Aaron Mayer has a big idea for changing the world. And he likes to talk about it. That makes his job as an evangelist for Enigma (Daly City, Calif.) a perfect fit for him. It also means that Impact Labs, a company he cofounded with two friends at college, is changing lives, and the world, in just the way he intended.
The small but enthusiastic crowd that gathered for the usual pizza, beer (and water!) at Princeton’s Startup Grind on April 18 met Mayer and heard about his passion for, and path toward, turning his ideas into reality.
Mayer is clearly on a mission to fix things in the world, and his mind works very fast. Princeton Startup Grind co-organizer David Stengle moderated the conversation with Mayer, which had attendees on the edges of their seats trying to keep up with the pace of Mayer’s inspiring stories and ideas.
Mayer attended Brown University, where he studied ethics and philosophy and started the Blockchain @ Brown club, which connected him to a past Princeton Startup Grind speaker, Roz Stengle. But it was a shared loved of pirate sea shanties and Blockchain that connected him with one of the cofounders of Enigma, which led to his current role there.
Enigma provides a software protocol that acts as a privacy layer, what Mayer called “a second-layer solution” for decentralized applications of blockchain technology, like Ethereum. It makes these applications more secure, and widens their usability by means of multiparty computation (MPC), also known as “secure computation.”
Mayer is the only New York-based member of Enigma’s 15-person team. Most of the team is in Israel, along with satellite members all over the world. Mayer uses insights gained from his ethics background to influence his colleagues (who often jokingly refer to him as the “CEO,” for “chief ethicist officer”) and to expand Enigma’s reach in order to impact other companies.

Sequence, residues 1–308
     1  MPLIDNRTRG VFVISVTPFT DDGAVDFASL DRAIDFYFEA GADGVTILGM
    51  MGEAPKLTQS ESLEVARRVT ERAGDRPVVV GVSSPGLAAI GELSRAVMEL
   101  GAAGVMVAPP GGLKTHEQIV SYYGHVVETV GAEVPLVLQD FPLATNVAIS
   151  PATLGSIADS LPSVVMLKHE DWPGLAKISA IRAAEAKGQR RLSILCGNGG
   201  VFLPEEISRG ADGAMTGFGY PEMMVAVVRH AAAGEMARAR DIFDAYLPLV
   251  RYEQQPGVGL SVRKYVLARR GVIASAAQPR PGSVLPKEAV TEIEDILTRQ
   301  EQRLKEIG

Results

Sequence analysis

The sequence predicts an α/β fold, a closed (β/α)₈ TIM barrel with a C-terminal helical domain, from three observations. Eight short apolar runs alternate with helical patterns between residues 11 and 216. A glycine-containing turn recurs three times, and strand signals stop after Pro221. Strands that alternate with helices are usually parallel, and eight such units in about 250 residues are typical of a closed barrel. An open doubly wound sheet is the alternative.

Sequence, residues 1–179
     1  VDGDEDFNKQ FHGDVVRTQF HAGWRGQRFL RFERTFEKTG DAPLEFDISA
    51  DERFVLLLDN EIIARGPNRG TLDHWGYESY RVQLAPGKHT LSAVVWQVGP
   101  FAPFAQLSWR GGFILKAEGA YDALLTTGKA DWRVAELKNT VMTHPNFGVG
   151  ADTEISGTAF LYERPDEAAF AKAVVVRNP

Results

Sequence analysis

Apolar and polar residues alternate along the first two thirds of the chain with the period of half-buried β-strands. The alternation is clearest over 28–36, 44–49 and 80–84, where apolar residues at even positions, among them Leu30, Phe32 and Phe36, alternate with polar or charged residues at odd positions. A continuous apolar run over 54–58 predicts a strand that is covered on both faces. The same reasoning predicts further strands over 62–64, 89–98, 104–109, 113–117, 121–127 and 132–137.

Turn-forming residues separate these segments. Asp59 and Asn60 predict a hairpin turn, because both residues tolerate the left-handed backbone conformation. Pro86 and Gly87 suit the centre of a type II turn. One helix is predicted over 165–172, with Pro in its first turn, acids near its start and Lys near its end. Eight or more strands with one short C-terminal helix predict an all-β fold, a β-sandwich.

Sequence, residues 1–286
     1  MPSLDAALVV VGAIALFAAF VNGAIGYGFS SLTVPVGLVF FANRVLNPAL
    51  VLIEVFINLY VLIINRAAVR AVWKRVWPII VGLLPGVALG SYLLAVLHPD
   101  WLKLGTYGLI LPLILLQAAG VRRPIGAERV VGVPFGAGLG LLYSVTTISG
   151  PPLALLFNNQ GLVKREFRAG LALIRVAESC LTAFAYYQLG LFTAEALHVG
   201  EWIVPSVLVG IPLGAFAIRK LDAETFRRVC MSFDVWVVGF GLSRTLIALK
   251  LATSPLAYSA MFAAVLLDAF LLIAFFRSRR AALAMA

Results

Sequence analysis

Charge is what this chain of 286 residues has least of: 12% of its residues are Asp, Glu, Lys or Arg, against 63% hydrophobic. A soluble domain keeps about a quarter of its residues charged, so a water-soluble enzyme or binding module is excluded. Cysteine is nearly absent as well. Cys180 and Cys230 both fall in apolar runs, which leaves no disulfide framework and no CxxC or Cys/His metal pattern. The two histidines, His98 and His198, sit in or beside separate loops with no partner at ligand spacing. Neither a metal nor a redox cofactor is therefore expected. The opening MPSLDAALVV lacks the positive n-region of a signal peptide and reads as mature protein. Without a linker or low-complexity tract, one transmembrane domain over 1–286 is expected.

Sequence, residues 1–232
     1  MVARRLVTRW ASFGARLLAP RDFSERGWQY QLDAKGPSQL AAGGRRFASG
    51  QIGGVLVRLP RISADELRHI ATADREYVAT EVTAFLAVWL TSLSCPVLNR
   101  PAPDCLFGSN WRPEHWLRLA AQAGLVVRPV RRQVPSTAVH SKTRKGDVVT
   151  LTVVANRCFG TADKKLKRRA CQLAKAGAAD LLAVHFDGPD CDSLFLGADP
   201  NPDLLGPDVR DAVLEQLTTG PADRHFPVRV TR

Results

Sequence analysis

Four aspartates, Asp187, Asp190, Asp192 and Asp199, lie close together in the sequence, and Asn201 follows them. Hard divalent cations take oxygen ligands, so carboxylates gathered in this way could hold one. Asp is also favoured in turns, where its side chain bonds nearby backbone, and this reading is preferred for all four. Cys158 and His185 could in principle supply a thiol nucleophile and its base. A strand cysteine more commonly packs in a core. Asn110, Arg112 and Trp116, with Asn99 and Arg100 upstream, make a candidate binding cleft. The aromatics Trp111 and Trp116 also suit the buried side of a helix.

But Mayer also started a company to have an even larger impact on the world. Using game theory during a dorm party one night, he was inspired to join the social enterprise movement, to be the change he wanted to see in the world.
He was raised Orthodox Jewish, but always questioned authority. Some rabbis supported his sense of inquiry, a sense that fueled his interest in ethics, which, he said, “is about being a good person. Not ivory tower theories.”
After attending a tech fellowship in Israel, which Mayer called, “Israel with a side of coding,” he started brainstorming his future company with two college friends Adi Melamed and Ellie Czepiel.
They noticed a trend of young, talented engineers being funneled into massive tech companies and having little impact for social good.
“My friends were being told not to think, to just go and sit at a desk fixing code for a button on a social media site. They are doing nothing good for people or the world,” Mayer said.
Engaging Entrepreneurs to Fix Real World Problems
That was the start of Impact Labs, which seeks to engage engineers in fixing real-world problems. This is done through the company’s three-pronged approach: a fellowship program, a summit event series and a coalition that matches purpose-driven engineers with socially conscious companies.
Mayer said, “We target computer science departments, asking administrative staff and faculty to tell the students there are other options than the top 10 companies with the most visibility.”
Impact Labs helps engineers who want more fulfilling jobs meet companies of 15 or more people that can pay competitive salaries and are positively impacting the world. The community — currently a team of the three cofounders, 30 volunteers and 3,000 engineers seeking jobs — seems more like a social movement. The tag line at the bottom of the company website even reads, “Move purposefully and fix things.”
The next step to fixing more things is to secure grant funding to, as Mayer said, “optimize for impact.” Or, as Stengle noted, “scaling meets utilitarianism.”
Stengle and Mayer named Salesforce (New York) as an early adopter/leader and inspiration for the social enterprise movement, which Stengle said, “wasn’t even a term 10 years ago.” Mayer wants to remain true to his mission, including turning Impact Labs into a nonprofit. He said, “The only thing in my way right now to do that is … me.”
When Stengle asked Mayer how Impact Labs handles its governance, Mayer said, “Just organically, right now. Everyone involved just wants to be involved. As we grow, I hope that energy never changes.”
Mayer’s TEDx talk can be seen here.